For the Love of Reading – #BLOG365 Day 71 #booklovers

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This photo popped up on my Timehop today. This is my kid in his happy place. Then and now, books are his happy place, his solace, his main source of entertainment. Last week I caught myself telling him to stop reading in the car on the way home. I wanted to talk with him and he was so engrossed in  his book. So… I am not that mom that tells their kid to get off their phone (he doesn’t have one), or stop playing games, or stop watching television. I am the mom that says stop reading. I am the parent that will go in debt buying my child books.

I can’t say the apple fell very far from the tree. I would rather get lost in a book any day too. I can’t count the number of books I have read in the last month.

At least once a week I ponder what this means for the students I work with. I know not all of them are book lovers. For some reading is a struggle. Others haven’t found their reading niche. I know some of them have yet to see the beauty in a word or a series of words, a character, or a plot line. But, what can we do to instill a small bit of book love into each of them?

  • Reading Interviews: Do them. Do them now! I used to do them at the beginning of the year. I wanted to know how my kids felt about reading, what they preferred to read, and how they liked to read. This information guided my instruction for the entire year.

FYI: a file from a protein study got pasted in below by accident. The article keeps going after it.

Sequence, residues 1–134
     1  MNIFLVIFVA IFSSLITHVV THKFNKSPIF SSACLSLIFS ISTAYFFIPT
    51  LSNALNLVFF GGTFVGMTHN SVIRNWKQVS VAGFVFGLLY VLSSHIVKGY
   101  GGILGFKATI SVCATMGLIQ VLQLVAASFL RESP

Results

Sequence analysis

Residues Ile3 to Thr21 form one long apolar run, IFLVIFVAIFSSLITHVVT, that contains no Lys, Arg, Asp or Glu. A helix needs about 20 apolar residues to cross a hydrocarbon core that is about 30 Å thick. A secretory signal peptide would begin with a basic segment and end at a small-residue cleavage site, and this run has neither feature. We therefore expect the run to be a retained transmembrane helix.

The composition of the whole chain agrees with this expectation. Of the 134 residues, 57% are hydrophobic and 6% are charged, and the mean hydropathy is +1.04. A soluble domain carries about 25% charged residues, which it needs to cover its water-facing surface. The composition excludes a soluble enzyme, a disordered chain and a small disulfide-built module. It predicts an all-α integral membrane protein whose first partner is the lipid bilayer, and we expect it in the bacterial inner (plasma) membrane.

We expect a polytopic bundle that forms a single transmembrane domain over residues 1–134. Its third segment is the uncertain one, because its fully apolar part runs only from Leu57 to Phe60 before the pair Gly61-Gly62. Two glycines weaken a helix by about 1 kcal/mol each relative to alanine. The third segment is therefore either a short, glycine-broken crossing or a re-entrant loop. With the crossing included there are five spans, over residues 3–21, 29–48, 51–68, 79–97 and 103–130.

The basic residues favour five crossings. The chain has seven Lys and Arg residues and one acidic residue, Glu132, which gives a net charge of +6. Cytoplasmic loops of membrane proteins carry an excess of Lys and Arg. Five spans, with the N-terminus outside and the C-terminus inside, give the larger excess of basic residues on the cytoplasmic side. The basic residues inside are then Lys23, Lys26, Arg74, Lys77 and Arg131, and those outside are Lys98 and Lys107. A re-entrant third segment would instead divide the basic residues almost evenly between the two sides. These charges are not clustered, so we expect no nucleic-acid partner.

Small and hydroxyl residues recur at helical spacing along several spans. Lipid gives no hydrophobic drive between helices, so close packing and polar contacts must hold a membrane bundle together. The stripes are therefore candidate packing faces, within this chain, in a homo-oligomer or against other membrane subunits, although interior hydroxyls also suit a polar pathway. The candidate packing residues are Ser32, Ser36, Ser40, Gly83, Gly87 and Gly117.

• Say No to Book Logs: Last summer this article came out on book logs. In it the author writes “students assigned the mandatory log showed diminished interest in recreational reading.” Is your goal to create life long readers? If it is, then stop the book logs. Book logs or any other type of tracking system do not ensure intrinsic motivation when it comes to reading.
  • Reading Goals: Help your kids set realistic reading goals, and not just a number of books to read. Encourage them to set goals related to reading strategies or reading across genres or vocabulary. Reading isn’t a numbers game.
  • Book Talks: I loved book talks in the classroom. At the end of your reading block allow your kids to share their favorite books with the class. The enthusiasm students show for books, their recommendations and connections tell us more than any written book response every could.
  • Share Your Reading: I always had a place in my room where I shared what I was currently reading with the class. It was usually a dry erase board. Each time I began a new book I listed the new title. This wasn’t the book I was reading with my students. It was the book/s I was reading at home or on my own time. Sometimes the title I was reading was placed on the door outside my room. When all the teachers in the building are sharing their reading with the school community like this it emphasizes the importance of reading to not only our students, but also to the greater community.  During DEAR time I read my book. I didn’t grade papers or do lesson planning. I read with my students. I demonstrated my passion for reading and hopefully inspired them to see reading as more than a class during the school day.
  • Read Aloud: I know finding a few minutes of the day to read aloud is difficult with district mandates and curriculum standards. But, there is nothing better than reading to a group of students curled up on the carpet, hanging on every sentence, moaning when a chapter was over.

This morning I met with one of our reading teachers. I was left aching for the days I taught reading. I miss the days of sharing any of my passions with my students and watching their growth. To console myself I am going to go bury myself in a good book!

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